Revealing the human body - and the human spirit

I don't talk much in this blog about naturism (aka the enjoyment of non-sexual social nudity) but anyone who knows me even reasonably well will appreciate that it plays a big part in my life. I have been a naturist for nearly 30 years, I edited British Naturism magazine for four years (not too many people can say that....) and I now write about naturism and disability for another naturist magazine, H&E.

I find naturism a good way of relaxing from the stress and pressure of life as a strokie. It gives me chance to forget all my concerns and just enjoy being human. I hear the same from other stroke-survivors who share my naturist tendencies. One, in particular, I find remarkable. She suffers from severe spasticity on her left side and has often told me how she feels like "I'm dragging my left side around like a sack of spuds."

Yet, she won't be beaten by it; Getting on to a fair number of naturist beaches, both in the UK and abroad, involves negotiating sand dunes. It could be a battle but she's determined to do it.

I saw similar acts of disabled determination when Mrs W and I attended the annual garden party at Clover Spa last weekend. If you've never heard of it, Clover Spa (cloverspa.co.uk) is a little piece of naturist heaven tucked away in suburban Birmingham. For those of us who live hundreds of miles from a beach and can't afford to travel abroad, it's a wonderful opportunity.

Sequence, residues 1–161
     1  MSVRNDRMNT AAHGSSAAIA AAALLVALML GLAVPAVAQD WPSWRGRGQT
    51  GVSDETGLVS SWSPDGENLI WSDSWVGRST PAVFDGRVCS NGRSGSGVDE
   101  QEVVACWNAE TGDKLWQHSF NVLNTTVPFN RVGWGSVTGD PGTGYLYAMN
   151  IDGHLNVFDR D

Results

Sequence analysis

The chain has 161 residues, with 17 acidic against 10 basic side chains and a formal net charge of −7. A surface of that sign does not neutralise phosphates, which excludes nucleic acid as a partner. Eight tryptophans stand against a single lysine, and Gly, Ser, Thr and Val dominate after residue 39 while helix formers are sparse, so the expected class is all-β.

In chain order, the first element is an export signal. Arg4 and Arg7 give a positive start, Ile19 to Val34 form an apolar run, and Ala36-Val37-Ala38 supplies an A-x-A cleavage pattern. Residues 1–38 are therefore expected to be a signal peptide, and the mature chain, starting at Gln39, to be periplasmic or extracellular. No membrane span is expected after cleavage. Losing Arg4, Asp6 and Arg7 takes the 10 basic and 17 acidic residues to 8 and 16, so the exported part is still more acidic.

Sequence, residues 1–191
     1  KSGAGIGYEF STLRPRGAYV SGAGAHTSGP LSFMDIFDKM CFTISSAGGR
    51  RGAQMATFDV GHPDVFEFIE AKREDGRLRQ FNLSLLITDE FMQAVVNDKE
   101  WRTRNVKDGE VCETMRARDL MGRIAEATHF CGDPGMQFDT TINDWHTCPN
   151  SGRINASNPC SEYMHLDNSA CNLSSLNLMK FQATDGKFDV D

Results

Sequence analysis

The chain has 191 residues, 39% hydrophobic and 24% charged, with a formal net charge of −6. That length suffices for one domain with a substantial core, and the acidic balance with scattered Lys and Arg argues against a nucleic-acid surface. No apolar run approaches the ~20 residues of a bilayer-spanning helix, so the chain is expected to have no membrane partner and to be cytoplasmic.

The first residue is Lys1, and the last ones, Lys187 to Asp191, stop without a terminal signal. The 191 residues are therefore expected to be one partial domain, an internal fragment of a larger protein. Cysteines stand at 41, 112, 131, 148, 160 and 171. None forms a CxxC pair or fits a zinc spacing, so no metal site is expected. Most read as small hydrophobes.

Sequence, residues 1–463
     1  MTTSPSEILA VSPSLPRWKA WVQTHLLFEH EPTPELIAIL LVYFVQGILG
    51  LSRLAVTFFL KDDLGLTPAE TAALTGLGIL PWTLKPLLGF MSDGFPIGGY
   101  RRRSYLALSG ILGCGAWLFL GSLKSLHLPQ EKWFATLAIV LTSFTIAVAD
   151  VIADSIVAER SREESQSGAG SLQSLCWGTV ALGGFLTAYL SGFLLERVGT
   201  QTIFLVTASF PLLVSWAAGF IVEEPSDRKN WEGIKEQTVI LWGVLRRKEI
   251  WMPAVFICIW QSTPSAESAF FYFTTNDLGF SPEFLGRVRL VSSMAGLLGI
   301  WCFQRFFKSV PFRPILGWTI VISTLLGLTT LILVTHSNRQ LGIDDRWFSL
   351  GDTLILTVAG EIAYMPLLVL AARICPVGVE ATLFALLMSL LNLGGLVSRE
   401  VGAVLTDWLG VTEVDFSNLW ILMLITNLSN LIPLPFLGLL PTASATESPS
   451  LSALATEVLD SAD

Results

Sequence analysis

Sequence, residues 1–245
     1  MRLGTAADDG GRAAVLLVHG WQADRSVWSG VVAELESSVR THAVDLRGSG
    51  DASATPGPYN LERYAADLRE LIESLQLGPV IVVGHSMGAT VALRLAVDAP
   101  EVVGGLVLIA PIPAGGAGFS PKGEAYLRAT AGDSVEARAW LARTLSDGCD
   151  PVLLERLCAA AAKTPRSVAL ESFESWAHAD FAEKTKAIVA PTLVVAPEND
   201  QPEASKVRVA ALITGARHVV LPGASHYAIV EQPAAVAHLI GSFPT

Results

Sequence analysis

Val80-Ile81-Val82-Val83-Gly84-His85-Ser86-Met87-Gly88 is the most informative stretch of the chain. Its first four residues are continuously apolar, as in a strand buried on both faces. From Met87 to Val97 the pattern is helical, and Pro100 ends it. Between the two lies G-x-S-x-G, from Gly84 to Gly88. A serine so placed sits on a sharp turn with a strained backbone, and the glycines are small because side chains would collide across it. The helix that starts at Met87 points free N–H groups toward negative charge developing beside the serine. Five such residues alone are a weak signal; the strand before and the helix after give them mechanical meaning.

The annual garden party is one of their summer showcase events and this year's party was blessed with perfect naturist weather. We sunbathed in their idyllic gardens, we enjoyed chatting to other guests in the hot tub, we played silly water-soaked games - all in the nude, obviously.

And apart from me and my balance issues, which mean getting into a hot tub or bending over to pick a hoop off the floor can be a challenge,  there were a number of other disabled people present.

I stepped aside so that a wheelchair-bound man could make his way through a door, hopping off the chair, on to the ground and in through the door in a manner which suggested that he had this 'getting around without the help of my legs' thing sorted long ago.

I heard about the man who had travelled all the way from Luton to Birmingham by train, bringing his mobility scooter with him.

All examples, if I may steal a phrase which fellow 4Networker John Moody has used about me, of how the human spirit deals with adversity. And naturism, as I have said many times, is good for those of us who have to triumph over adversity. People in naturist environments don't stare, point or poke fun at people who are somehow perceived in the textile world as different. It's why I love it.

And, of course, it gives me the opportunity to show off my stroke-survivor tattoos.